The Advanced Caution and Warning Systems (ACAWS) and Discrete Controls (DC) teams demonstrated an integrated system on the Habitat Demonstration Unit (HDU) - Deep Space Habitat (DSH) at the Desert Research and Technology Studies (D-RATS) site. ACAWS and DC technologies are critical for enabling crew autonomy for deep-space missions by decreasing the requirements for real-time communication with ground-based flight controllers. The technologies demonstrated included automated system health monitoring, automated diagnosis, automated recommendation of malfunction procedures, human interaction with troubleshooting and repair procedures using an electronic procedure viewer, and automated execution of repair procedures. ACAWS was used to support field operations in the on-site mission support tent, successfully alerting operators to inoperative equipment. The SHIELD systems were evaluated by the HDU test conductor and the ACAWS JSC/MOD customer representative on injected failures inside the HDU; a human-factors analysis of the results is underway.
Specific tools used include the Inductive Monitoring System (IMS), developed by NASA/ARC; Qualtech Systems, Inc. (QSI) TEAMS-RDS, developed in collaboration with NASA/ARC through Small Business Innovation Research (SBIR) funding; and Procedure Display (PD) and Universal Executive (UE), collaboratively developed by NASA/JSC and NASA/ARC.
BACKGROUND: NASA’s Desert Research and Technology Studies (D-RATS) team evaluates technology, human-robotic systems, and extravehicular equipment in the high desert near Flagstaff, Arizona. Field testing provides a knowledge base that helps scientists and engineers design, build, and operate better equipment, as well as establish requirements for operations and procedures.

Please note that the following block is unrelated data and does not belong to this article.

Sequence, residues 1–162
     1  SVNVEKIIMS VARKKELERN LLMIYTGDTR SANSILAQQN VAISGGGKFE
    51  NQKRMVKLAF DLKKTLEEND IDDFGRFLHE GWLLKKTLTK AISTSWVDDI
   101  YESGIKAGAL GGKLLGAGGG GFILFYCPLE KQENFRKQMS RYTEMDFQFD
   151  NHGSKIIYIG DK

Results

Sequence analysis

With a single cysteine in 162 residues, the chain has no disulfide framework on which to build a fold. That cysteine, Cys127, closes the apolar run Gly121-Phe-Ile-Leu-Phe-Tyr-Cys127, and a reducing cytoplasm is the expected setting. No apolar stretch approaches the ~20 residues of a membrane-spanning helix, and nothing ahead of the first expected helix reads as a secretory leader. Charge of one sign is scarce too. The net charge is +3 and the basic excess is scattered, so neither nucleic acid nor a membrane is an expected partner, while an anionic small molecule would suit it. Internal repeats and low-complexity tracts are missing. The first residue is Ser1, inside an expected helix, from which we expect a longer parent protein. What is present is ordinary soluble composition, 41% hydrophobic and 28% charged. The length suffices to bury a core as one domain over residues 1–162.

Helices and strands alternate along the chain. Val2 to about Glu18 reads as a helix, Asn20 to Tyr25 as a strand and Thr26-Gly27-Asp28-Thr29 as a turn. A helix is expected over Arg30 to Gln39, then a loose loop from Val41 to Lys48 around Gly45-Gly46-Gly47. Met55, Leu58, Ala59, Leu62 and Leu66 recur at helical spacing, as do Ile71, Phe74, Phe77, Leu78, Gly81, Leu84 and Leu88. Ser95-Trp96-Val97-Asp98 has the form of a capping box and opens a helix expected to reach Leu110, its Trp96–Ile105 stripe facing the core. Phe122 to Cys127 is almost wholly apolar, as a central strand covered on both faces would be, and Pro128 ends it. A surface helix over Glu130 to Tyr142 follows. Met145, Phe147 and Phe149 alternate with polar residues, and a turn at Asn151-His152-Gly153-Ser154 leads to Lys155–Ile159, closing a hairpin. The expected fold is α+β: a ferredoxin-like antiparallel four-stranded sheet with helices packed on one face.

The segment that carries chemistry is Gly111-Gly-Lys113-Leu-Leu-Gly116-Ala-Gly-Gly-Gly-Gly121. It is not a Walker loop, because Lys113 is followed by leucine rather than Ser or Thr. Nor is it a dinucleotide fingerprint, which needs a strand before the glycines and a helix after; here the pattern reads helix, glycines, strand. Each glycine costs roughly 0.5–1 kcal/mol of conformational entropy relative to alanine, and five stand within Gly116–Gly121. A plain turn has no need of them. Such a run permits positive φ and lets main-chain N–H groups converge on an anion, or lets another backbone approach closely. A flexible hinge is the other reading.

The Advanced Caution and Warning System (ACAWS) is a fault management tool that combines dynamic and interactive graphical representations of spacecraft systems, systems modeling, automated diagnostic analysis and root cause identification, system and mission impact assessment, procedure and flight rule identification, and interaction with other tools to help spacecraft flight controllers and crew understand and respond to anomalies more effectively. Each of these capabilities provides critical support in monitoring the performance of vehicle systems as well as supporting the real-time decision process of Mission Control Center (MCC) flight controllers and crew in dealing with spacecraft anomalies and failures. In addition to real-time mission support, ACAWS’ capability to create and interact with malfunction scenarios will support the analysis and training tasks associated with spacecraft operations.
The goal of Discrete Control (DC) Technology is to command robots, spacecraft, or spacecraft systems according to a previously developed plan. DC’s electronic procedure system can be used with an operator-settable level of automation, providing a spacecraft autonomy environment in which procedures can be executed by an operator, by a computer with operator consent, or automatically by a computer.
NASA PROGRAM FUNDING: The Enabling Technology Development and Demonstration (ETDD) program’s Autonomous Systems and Avionics (ASA) project
TEAM: Gordon Aaseng, Vijay Baskaran, Mike Dalal, Gary Dittemore (JSC), Chuck Fry, Larry Garner (JSC), David Iverson, Jeremy Johnson, Charles Lee, Sotirios Liolios (JSC), Rob McCann (ARC/TH), Arthur Molin (JSC), John Ossenfort, Ann Patterson-Hine, Peter Robinson, Mark Schwabacher, Lilly Spirkovska, and Lui Wang (JSC)
COLLABORATORS: JSC/HDU: Daniel Carrejo, Matt Hall, Dennis Lawler, Thomas Matthews, Kristina Roydev, and Craig Russell. QSI: Somnath Deb, Sudipto Ghoshal, Deepak Haste, and Venkat Malepati
Contact: Dr. Lilly Spirkovska